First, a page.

• And finally, in my favorite moment of the film (or any film), Arnold Schwarzenegger grabs a machine gun and smiles. In. Slow. Motion.
On casual Friday, you get to wear your silly mask.
  • 50 Cent. Even if it's shawty's birthday, this dude probably shouldn't be in movies. Though I will give credit for five-eighths of his dialogue including the word motherf--ker.
  • The entire film hinges on this massive prison that is off the grid. The inmates are sent there without trial, to rot away and die. It might, possibly, potentially, maybe be say...just kill these motherf--kers instead, right?
  • The cafeteria looks like a soundstage from Armageddon. All things considered, it might be a little too nice for a thousand piece of shit criminals.
  • Whoa. Isolation sucks. 
  • A major thing in this story is the creation of a sextant. If you can get through all the celestial measuring action without wishing upon a star for your own imminent death, you have my undying respect.
  • I hope you like it when bullets hit nearby pipes.
  • In a prison movie, it's moderately uncomfortable when one man looks another in the eye and says, I own your ass. I'm sorry. I've always been squeamish around romantic grand gestures.
  • There's an engine room guy, and I swear to you, he's dressed like he should be driving Percy from Thomas & Friends. Luckily, like I so often wished would happen on that awful children's show, Stallone punches him in the face.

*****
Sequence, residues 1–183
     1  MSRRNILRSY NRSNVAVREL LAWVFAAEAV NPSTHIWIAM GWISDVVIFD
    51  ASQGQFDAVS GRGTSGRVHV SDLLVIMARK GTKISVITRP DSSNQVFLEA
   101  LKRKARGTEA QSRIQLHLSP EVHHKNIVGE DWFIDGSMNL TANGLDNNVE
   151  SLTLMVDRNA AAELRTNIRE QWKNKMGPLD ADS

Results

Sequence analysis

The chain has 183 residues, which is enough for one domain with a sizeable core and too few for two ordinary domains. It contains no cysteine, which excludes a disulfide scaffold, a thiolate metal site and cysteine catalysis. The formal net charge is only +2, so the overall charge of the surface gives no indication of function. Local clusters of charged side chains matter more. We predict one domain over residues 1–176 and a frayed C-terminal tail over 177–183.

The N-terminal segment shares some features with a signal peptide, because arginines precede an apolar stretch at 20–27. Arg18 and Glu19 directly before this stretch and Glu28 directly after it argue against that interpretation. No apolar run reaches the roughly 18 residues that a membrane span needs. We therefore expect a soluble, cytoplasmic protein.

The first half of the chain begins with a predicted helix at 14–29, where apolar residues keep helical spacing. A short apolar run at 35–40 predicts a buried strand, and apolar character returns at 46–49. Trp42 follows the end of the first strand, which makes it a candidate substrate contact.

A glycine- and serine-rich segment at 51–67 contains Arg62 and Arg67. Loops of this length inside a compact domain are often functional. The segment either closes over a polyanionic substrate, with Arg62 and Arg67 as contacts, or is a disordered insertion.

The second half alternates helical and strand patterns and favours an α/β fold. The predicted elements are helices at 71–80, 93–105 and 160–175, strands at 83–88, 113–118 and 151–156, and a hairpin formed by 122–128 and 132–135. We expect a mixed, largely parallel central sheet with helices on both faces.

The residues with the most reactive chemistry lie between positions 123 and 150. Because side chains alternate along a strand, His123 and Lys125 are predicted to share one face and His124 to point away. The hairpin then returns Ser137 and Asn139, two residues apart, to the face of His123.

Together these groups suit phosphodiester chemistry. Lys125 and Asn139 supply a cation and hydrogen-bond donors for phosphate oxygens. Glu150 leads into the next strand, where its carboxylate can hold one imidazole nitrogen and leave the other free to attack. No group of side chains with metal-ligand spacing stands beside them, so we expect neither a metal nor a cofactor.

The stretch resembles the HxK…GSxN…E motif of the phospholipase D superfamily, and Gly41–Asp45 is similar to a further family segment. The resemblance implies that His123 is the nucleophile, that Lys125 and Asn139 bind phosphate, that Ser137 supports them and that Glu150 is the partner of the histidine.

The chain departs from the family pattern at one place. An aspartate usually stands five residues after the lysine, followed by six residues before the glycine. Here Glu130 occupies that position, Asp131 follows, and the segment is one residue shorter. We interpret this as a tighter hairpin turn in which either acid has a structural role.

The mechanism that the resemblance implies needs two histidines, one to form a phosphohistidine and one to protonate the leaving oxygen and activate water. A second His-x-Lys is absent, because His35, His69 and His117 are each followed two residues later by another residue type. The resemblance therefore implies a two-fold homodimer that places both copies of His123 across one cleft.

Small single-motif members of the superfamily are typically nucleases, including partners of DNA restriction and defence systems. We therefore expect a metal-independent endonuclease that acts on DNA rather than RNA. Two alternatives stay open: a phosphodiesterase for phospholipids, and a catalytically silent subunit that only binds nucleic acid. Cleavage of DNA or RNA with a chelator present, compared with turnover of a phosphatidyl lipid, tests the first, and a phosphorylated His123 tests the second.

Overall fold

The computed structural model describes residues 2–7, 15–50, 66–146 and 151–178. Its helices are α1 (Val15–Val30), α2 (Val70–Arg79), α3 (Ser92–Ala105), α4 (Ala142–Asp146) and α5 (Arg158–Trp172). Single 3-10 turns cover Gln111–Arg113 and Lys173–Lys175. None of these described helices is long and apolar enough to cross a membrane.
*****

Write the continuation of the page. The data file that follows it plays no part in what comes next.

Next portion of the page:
• Arnold + running = something I no longer enjoy.
  • Is is appropriate that Breslin saves the day by flushing the tank?
  • Do you remember Holly from The Office? She's in this. And I don't think Michael Scott would appreciate what these two are doing together.
  • And finally, even though it's a joke in video games, we somehow still manage to beat the final boss with...wait for it...exploding barrels. If I only I were strapped to one.
This post was so long, it probably felt like a life sentence making it to the end. Well, lucky you, you've just been paroled. Wait, hold on. Let me leave you with a line from Escape Plan, okay? It's not quite, I'll be back, but I think it's going to catch on.

Have a lovely day, asshole.


  1. I liked this more than you did, but yeah, my favorite scene is Arnie with a machine gun. If I were a bad guy, don't care if I'm in a tank or even the freaking Star Wars Death Star.... when see Arnie with a machine gun.... I run away!

    1. I have a lot of Yays, so there's definitely a part of me that really enjoyed the film, but without the big guys in the lead, this movie wouldn't have been worth the time.

      Hmm. I probably could've typed just typed that instead of this long-ass review, huh?

  2. It's the movie that's three decades late! I too, was an Arnie and Sly nut back in the day. Had this come out in 1984, or even '94, I'd have seen it the day it hit theaters. Now, not so much. I'll see it whenever I get around to it. Cool review.

    1. Aw. Sometimes I feel three decades too late.

      But, basically, I completely agree with this sentiment. If you stumble into it, go for it. If not, no harm done.